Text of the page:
Parasitic flowering plants are defined by the production of specialized nutrition-deriving structures, the haustoria, that form a functional link to their hosts. Species of Striga (witchweeds) are obligate hemiparasites, and connection to a host plant is fundamental for them to survive. Seeds of Striga cannot germinate until a ‘chemical’ such as strigol and sorgolactone exuded by the host root indicates the vicinity of a host. Host-recognition factors that can activate development programs in Striga spp. are termed xenognosins (Lynn et al., 1981). Atsatt (1977) proposed that parasitic plants probably use host defence chemicals as cues to stimulate the germination and growth of the haustorium, and which have originally evolved in the host to deter harmful organisms. Akiyama et al. (2005) suggest that plants release chemicals (sesquiterpene lactones) from their roots as signals fostering their symbiosis with arbuscular mycorrhizal fungi, and that these signals are used by Striga to detect host roots. Several strigolactones found in root exudates of various plant species (Yasuda et al., 2003) stimulated germination in seeds of Striga species under laboratory conditions.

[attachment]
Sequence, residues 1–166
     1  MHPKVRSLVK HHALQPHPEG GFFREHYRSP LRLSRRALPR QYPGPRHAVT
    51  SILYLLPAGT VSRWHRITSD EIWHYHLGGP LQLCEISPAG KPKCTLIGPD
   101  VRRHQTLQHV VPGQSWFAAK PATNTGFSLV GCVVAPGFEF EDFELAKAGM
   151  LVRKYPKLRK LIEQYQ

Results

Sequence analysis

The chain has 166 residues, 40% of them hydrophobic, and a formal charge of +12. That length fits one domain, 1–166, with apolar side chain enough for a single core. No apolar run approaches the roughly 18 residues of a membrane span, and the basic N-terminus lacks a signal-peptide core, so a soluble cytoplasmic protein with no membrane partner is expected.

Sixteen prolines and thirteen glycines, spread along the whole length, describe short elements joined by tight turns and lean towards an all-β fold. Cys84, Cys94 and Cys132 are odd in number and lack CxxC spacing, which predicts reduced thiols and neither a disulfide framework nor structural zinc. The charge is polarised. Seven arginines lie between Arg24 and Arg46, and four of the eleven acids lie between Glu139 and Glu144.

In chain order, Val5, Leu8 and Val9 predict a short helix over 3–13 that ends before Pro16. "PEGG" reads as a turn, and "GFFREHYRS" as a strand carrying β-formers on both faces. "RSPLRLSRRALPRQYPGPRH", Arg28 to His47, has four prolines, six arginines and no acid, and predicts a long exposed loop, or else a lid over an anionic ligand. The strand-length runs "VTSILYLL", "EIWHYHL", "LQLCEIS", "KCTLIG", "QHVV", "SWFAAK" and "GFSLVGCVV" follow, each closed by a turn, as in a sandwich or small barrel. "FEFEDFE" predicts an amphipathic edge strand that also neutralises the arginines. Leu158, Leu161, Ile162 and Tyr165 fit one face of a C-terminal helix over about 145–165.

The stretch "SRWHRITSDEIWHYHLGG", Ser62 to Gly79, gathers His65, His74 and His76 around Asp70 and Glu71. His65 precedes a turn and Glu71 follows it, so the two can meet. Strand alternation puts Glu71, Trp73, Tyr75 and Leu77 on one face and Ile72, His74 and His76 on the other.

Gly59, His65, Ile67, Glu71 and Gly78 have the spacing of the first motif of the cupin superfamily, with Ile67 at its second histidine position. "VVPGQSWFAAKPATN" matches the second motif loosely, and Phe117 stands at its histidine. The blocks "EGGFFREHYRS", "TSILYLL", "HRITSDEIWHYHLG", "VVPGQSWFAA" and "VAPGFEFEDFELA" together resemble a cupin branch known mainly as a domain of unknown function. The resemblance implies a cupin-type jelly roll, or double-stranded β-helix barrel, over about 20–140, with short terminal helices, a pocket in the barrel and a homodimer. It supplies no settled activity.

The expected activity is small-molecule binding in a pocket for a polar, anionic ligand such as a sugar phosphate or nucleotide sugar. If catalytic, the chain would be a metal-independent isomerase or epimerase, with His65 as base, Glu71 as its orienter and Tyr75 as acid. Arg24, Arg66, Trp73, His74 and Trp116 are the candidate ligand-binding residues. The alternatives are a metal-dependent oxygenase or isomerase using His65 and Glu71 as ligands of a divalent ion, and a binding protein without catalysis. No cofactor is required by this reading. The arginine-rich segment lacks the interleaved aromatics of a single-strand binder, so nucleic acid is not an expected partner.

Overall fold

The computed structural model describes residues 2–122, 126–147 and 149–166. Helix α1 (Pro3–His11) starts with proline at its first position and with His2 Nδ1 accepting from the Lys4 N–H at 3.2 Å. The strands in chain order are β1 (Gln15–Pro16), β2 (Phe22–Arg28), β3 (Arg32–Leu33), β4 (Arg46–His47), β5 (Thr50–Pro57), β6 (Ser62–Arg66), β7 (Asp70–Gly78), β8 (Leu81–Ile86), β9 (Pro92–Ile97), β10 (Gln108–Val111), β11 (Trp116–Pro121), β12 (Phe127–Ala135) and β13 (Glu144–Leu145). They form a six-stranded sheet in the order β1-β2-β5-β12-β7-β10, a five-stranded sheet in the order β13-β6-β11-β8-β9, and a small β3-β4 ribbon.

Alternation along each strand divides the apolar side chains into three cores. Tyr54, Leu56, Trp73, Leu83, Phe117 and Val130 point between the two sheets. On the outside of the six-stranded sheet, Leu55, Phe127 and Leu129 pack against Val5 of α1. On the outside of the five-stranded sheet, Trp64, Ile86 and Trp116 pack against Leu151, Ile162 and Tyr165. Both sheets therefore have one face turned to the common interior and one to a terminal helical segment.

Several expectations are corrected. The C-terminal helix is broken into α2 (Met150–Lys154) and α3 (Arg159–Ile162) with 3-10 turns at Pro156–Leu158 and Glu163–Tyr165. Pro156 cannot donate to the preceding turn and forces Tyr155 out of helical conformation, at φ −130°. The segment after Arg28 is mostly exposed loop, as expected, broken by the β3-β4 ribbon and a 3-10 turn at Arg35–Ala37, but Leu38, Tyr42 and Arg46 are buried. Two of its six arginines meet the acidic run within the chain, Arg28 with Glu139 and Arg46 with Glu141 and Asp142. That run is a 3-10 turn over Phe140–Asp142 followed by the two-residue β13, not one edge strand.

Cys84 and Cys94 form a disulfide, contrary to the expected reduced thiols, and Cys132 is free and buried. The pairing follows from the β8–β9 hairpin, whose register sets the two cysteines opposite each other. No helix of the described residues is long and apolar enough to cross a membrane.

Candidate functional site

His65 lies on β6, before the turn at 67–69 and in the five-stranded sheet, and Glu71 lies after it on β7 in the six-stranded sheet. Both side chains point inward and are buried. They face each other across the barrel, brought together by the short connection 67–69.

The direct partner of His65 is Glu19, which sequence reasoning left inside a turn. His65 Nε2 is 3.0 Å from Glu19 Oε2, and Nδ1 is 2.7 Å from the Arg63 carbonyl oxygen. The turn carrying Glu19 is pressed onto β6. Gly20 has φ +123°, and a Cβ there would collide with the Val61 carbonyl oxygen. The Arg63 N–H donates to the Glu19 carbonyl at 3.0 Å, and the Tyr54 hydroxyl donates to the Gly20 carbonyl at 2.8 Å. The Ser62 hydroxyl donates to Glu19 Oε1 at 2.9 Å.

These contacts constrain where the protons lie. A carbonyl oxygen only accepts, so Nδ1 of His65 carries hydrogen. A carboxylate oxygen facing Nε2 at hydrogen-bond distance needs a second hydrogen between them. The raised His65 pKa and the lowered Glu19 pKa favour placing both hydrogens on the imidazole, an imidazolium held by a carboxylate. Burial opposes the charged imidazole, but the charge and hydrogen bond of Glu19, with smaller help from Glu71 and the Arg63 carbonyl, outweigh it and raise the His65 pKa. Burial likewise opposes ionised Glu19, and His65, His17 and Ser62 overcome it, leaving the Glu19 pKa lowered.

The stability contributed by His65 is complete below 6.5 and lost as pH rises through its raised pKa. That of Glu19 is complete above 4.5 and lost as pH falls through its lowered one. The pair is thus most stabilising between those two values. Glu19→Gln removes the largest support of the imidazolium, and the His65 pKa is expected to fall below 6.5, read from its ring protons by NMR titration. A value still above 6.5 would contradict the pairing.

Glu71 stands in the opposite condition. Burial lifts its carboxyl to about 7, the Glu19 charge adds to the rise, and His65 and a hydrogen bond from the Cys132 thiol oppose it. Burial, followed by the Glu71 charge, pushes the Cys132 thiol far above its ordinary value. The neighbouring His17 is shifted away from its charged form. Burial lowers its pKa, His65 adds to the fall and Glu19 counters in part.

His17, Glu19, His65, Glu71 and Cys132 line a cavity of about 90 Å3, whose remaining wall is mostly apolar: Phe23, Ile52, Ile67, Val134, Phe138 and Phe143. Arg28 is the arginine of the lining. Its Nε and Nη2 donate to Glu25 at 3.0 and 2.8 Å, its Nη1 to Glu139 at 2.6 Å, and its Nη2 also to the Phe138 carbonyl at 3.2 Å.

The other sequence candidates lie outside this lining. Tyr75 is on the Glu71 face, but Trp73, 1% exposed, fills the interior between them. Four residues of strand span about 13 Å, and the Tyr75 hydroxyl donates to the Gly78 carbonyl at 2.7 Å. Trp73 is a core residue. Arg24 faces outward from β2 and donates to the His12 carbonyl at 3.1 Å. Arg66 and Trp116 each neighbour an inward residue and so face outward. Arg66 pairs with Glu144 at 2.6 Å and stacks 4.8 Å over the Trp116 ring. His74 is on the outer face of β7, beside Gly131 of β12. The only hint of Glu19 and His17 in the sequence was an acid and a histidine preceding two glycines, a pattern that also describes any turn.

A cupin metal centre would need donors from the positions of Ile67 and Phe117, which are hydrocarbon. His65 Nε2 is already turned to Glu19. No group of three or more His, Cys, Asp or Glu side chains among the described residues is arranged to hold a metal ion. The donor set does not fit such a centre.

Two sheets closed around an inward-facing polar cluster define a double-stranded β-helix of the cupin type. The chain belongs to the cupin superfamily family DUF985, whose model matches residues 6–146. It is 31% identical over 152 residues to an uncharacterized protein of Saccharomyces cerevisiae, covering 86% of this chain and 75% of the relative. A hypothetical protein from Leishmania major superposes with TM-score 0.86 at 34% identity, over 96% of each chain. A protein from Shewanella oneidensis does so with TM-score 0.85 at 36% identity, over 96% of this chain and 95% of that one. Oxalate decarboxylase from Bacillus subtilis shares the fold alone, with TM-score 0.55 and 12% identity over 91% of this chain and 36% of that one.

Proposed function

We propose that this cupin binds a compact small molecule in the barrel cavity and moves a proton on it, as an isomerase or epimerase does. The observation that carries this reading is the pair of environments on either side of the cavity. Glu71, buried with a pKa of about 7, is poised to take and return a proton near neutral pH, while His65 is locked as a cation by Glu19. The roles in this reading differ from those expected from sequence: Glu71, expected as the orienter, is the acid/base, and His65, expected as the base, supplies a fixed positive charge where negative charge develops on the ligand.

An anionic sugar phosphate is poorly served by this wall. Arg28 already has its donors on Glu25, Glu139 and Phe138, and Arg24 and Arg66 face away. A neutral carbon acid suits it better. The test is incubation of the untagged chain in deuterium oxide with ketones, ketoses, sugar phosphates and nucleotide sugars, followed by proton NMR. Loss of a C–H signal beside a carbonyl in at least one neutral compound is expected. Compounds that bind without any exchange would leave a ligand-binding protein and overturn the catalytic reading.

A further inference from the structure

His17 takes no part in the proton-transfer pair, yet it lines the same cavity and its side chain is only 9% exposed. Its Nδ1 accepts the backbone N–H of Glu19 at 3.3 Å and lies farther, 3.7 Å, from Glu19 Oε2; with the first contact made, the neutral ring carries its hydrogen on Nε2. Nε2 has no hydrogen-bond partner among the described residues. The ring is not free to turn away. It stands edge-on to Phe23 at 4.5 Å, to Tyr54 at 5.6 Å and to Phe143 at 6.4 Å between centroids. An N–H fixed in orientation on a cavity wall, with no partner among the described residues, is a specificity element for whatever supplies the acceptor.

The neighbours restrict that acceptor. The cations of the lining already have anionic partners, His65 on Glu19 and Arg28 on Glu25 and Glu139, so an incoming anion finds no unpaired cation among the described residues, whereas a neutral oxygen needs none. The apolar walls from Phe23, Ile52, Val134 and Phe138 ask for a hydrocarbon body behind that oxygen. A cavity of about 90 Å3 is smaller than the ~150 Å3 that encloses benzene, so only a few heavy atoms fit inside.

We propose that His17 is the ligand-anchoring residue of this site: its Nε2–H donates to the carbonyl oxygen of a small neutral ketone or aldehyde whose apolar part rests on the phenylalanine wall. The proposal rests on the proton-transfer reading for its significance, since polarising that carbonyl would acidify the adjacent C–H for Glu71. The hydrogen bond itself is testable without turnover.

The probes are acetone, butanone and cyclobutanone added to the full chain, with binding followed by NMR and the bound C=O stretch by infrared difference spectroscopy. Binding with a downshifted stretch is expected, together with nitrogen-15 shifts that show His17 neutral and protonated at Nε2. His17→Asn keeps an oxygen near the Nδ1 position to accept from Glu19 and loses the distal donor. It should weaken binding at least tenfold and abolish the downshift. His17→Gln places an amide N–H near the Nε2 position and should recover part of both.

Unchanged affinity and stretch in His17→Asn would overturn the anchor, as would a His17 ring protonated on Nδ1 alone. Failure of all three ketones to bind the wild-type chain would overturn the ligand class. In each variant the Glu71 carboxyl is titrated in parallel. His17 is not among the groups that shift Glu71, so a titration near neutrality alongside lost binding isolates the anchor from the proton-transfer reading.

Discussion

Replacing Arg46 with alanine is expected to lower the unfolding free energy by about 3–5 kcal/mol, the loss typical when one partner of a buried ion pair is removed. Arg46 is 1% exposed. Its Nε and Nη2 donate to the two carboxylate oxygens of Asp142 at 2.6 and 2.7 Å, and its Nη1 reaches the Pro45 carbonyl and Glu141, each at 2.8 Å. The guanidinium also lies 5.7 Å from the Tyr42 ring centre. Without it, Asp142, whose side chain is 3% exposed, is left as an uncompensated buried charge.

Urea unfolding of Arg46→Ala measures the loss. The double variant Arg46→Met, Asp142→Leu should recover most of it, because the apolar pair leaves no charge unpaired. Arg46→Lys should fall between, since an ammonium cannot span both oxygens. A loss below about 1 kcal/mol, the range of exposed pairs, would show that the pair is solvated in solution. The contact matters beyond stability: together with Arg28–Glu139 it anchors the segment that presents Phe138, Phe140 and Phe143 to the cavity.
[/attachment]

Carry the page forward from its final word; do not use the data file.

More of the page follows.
Striga is an r-strategist; that is, it allocates lots of energy to produce large numbers of minute seeds to reduce the risk associated with host finding. Producing many minute seeds increases the chance that at least a few seeds will get close enough to the roots of a suitable host plant. Numbers of seeds per plant average 58000 in S. asiatica, and numbers over 200000 almost certainly occur in well-grown S. hermonthica.